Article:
There is not a full short-circuit of the load winding X through the SCR. The partial short-circuit allows recovery up to the point on the next half-cycle until the controlled rectifier SCR fires again in the following half-cycle. v
The circuit shown in FIG. 1 is used to advantage as a charging device for the battery B. The potentiometer Y can be manually adjusted to apply a higher voltage during initial charging operations which will be automatically reduced when the controlled rectifier SCR begins to operate to perform its clipping operation by short-circuiting the power winding and thereafter to maintain a lower voltage on the battery during the final charging operation and when the battery is on a float charge, which will be indicated by the blinking of the lamp 23. The circuit shown in FIG. 2 operates in substantially the same mode except that here the secondary power winding is omitted and the power to charge the battery is obtained from the resonating secondary winding S. This simplifies the device to improve its commercial feasibility.
Although it is preferable to use a single controlled rectifier in the above-described circuits for substantially shorting the output of the ferroresonant transformer during half-cycles of only one polarity, it has been found that the output may also be substantially shorted during portions of half-cycles of both polarities. This is accomplished by using a controlled rectifier such as a triac or back-to-back silicon controlled rectifiers. However, this embodiment is more expensive than and offers no improvement over using a single silicon controlled rectifier.
It will be appreciated that various modifications and changes may be made in the above-described circuits without departing from the spirit and the scope of the claims. i
What we claim is:
1. An improved circuit for charging a battery comprising, in combination, a ferroresonant transformer having an alternating current output, means for rectifying such alternating current output to obtain a direct current for charging a battery, a switch means including a controlled rectifier connected across said transformer output responsive to half-cycles of such alternating current output of one polarity, said half-cycles exceeding a predetermined voltage for triggering said controlled rectifier which substantially short circuits such alternating current output during the remainder of such half-cycles, means for modifying the level of voltage of said half-cycles including a thermistor, means responsive to an increasing average current through said controlled rectifier for heating said thermistor, and means decreasing the level of said voltage as said thermistor is heated.
2. An improved battery charging circuit as set forth in claim 1, wherein the means for modifying the level of the voltage of said half-cycles includes a voltage divider cooperating with the thermistor.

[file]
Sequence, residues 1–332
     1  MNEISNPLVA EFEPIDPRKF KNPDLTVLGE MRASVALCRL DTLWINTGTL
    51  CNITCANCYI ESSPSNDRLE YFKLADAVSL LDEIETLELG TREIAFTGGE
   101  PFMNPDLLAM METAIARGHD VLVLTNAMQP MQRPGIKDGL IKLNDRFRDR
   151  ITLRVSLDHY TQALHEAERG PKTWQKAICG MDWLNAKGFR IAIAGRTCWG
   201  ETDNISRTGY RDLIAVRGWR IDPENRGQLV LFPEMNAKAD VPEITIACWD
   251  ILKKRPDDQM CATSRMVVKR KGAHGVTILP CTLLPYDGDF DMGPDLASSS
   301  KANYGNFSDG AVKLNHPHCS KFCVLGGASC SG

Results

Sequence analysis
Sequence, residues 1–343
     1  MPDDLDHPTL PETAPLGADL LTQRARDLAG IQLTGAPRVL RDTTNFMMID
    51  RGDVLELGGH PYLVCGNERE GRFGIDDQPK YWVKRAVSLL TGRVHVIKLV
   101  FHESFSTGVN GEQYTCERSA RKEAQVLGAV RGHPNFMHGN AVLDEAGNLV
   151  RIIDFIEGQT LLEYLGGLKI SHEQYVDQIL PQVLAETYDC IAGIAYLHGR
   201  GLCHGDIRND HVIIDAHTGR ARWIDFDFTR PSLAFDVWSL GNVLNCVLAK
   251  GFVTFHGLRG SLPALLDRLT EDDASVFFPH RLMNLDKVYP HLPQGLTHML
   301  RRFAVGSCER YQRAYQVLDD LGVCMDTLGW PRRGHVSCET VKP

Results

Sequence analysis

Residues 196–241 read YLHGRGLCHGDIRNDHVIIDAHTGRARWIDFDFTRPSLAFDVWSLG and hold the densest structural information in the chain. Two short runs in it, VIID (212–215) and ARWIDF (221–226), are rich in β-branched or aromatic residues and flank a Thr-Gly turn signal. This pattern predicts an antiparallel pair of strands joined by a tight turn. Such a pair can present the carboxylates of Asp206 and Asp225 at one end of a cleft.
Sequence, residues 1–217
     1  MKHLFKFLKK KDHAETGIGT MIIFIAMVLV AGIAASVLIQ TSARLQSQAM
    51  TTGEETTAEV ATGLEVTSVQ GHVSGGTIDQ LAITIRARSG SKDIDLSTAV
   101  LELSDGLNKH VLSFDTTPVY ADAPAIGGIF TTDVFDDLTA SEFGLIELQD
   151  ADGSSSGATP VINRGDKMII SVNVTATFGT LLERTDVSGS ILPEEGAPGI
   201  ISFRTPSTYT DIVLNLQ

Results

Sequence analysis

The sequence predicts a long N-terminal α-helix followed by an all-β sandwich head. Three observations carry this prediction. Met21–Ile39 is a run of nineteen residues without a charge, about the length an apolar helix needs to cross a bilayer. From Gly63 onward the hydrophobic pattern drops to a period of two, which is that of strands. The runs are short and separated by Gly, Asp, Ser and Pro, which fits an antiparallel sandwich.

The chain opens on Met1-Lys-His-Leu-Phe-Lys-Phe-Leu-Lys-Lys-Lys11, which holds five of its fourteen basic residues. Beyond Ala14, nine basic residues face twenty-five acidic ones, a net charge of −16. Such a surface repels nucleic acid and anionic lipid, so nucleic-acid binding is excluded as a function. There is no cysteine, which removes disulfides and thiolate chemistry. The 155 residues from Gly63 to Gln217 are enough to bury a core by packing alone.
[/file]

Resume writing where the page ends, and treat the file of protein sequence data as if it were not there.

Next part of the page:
3. An improved battery charging circuit, as set forth in claim 2, wherein said heating means includes an electric heater connected to heat said thermistor, and wherein said means connecting said controlled rectifier across said transformer output connects said heater in series with said controlled rectifier whereby an increased current flow through said controlled rectifier increases the temperature of said thermistor to decrease said predetermined voltage.
4. An improved battery charging circuit, as set forth in claim 3, and including an indicator lamp connected in parallel with said heater to visually indicate the level of the current through said controlled rectifier.
5. In combination with a high reactance alternating current power source, a full-wave rectifier to supply di rect current to a load, a voltage divider shunting the power source and including a thermistor connected to vary the voltage at a tap in said voltage divider in response to temperature changes, a controlled rectifier, means connecting said controlled rectifier in shunt with the power source to substantially short said power source for the remainder of one half-cycle when gated to conductive condition, trigger means responsive to the tap voltage in said voltage divider to gate said controlled rectifier to conductive condition during such half-cycles when the tap exceeds a predetermined voltage, and means responsive to current flow in said controlled rectifier to vary the temperature of said thermistor to modify the voltage at said voltage divider tap applied to said trigger means.
6. The device defined in claim 5 wherein said means responsive to current flow in said controlled rectifier includes an electric heater connected in the controlled rectifier circuit for heating said thermistor.
7. The device defined in claim 6 and including an indicating lamp connected in shunt with said heating coil.
8. The device defined in claim 5 wherein said alternating current power source includes a ferroresonant transformer with a power secondary winding and a resonating secondary winding.
9. The device defined in claim 5 wherein said alternating current power source includes a ferroresonant transformer with a resonating secondary which also supplies the power to the load.
10. The device defined in claim 5 wherein said means responsive to current flow in said controlled rectifier includes means mounting said thermistor in a heat conducting relationship with said controlled rectifier.
11. The device defined in claim 9 wherein said mounting means includes an encapsulating body of heat conducting resin.
12. The device defined in claim 5 wherein said voltage divider includes a potentiometer for adjusting the voltage applied to said trigger means.